Disregard That Form 5500 Extension Letter Regarding Your 2019 Retirement Plan

Delayed IRS Extension Approval Letters Cause Confusion

We recently learned that the IRS sent letters to retirement plan sponsors informing them that their request for an extension on their Dec. 31, 2019, Form 5500 filing was accepted. Understandably, recipients of this notice were confused by this piece of correspondence as it is now 2021 and the extension deadline has come and gone. If you were one of the many who received this letter, worry not. It was sent in error. This letter is not important and can be thrown away.

The American Society of Pension Professionals & Actuaries (ASPPA) took quick action when they learned that these letters had gone out to plan sponsors and quickly sought out confirmation from the IRS that these mailings were “inadvertently delayed.” The Rea & Associates’ retirement plan services team has also received many calls and emails regarding these letters, which is why we thought it was important to quickly get this information out to you. To provide plan sponsors with additional peace of mind, ASPPA has learned that the IRS will soon publish a special edition newsletter that will confirm the information we’ve presented above.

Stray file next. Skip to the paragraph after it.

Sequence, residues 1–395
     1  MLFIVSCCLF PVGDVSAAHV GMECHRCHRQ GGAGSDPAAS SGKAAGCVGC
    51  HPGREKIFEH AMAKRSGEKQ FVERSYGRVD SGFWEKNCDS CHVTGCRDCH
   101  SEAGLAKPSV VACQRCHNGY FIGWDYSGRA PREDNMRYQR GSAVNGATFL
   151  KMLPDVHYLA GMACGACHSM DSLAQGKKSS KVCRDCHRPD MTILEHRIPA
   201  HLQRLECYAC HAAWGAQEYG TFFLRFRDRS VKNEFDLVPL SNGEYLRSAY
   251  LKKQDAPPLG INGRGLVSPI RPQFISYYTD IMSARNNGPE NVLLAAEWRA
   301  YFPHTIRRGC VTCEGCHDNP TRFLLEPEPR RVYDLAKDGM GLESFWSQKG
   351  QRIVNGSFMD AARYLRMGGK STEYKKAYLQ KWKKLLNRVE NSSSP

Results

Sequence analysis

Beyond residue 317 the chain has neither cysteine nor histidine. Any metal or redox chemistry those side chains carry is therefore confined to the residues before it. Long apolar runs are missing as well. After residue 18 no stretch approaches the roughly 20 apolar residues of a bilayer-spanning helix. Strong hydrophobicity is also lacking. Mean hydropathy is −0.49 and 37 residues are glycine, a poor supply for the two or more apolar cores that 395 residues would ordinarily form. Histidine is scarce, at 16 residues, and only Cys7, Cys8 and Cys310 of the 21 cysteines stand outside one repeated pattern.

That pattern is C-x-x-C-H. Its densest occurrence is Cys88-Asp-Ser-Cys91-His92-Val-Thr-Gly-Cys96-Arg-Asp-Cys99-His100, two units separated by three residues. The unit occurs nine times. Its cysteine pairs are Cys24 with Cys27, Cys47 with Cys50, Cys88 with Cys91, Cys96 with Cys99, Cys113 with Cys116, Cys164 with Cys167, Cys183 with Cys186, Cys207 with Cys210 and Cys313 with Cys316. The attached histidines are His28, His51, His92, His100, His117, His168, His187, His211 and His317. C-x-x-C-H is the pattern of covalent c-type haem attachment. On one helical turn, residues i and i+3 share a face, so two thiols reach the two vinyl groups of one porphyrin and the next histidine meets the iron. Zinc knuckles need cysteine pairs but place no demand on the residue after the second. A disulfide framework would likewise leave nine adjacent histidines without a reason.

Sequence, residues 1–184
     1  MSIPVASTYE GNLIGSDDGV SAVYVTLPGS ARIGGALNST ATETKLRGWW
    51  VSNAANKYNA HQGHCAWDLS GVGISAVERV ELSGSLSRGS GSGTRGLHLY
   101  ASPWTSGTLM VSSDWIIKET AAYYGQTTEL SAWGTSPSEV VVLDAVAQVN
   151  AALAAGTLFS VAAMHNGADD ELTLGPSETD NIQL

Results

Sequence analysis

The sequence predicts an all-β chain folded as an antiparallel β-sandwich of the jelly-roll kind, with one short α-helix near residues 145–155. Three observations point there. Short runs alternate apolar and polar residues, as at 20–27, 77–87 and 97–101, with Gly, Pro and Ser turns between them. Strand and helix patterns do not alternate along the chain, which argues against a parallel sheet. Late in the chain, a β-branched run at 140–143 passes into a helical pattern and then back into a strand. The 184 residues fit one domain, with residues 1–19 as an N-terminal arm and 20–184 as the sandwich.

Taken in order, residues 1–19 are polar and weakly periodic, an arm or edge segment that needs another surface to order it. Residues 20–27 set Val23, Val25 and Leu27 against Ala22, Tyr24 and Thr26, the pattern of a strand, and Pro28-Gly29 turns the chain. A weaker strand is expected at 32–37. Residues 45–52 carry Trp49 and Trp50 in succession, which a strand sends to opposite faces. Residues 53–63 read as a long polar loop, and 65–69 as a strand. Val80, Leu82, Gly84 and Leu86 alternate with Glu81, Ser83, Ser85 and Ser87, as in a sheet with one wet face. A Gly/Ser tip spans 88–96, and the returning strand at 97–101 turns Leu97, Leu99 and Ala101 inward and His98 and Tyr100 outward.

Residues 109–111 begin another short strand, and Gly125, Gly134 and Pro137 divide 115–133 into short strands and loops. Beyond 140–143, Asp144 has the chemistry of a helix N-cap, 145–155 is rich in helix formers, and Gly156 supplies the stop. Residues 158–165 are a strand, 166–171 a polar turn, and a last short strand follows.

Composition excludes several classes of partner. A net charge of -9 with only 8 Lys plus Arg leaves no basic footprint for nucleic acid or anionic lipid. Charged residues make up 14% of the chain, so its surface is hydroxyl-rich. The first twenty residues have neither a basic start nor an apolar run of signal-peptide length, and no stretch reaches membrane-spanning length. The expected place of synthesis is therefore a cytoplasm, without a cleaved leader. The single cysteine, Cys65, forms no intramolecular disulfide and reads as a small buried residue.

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As you already know, retirement plan sponsors who wished to extend the deadline to file Form 5500 for the plan year ending Dec. 31, 2019, were required to file an extension request no later than July 31, 2020. Once the request was approved, they were then required to file Form 2020 by Oct. 15, 2020. To accommodate this timeline, the IRS normally sends extension approval letters soon after receiving the extension request. Unfortunately, due to some significant delays experienced by the IRS, these notices were not mailed out in a timely manner. 

Again, if you received (or will receive) a letter from the IRS that states your Form 5500 extension request for the retirement plan year ending Dec. 31, 2019, was approved, don’t be alarmed. You can disregard and safely dispose of this notice. However, if you have additional questions about this matter or other retirement plan administration concerns, you can always reach out to the retirement plan services team at Rea & Associates.

By Paul McEwan, CPA, MTax, AIFA (New Philadelphia CPA Firm)

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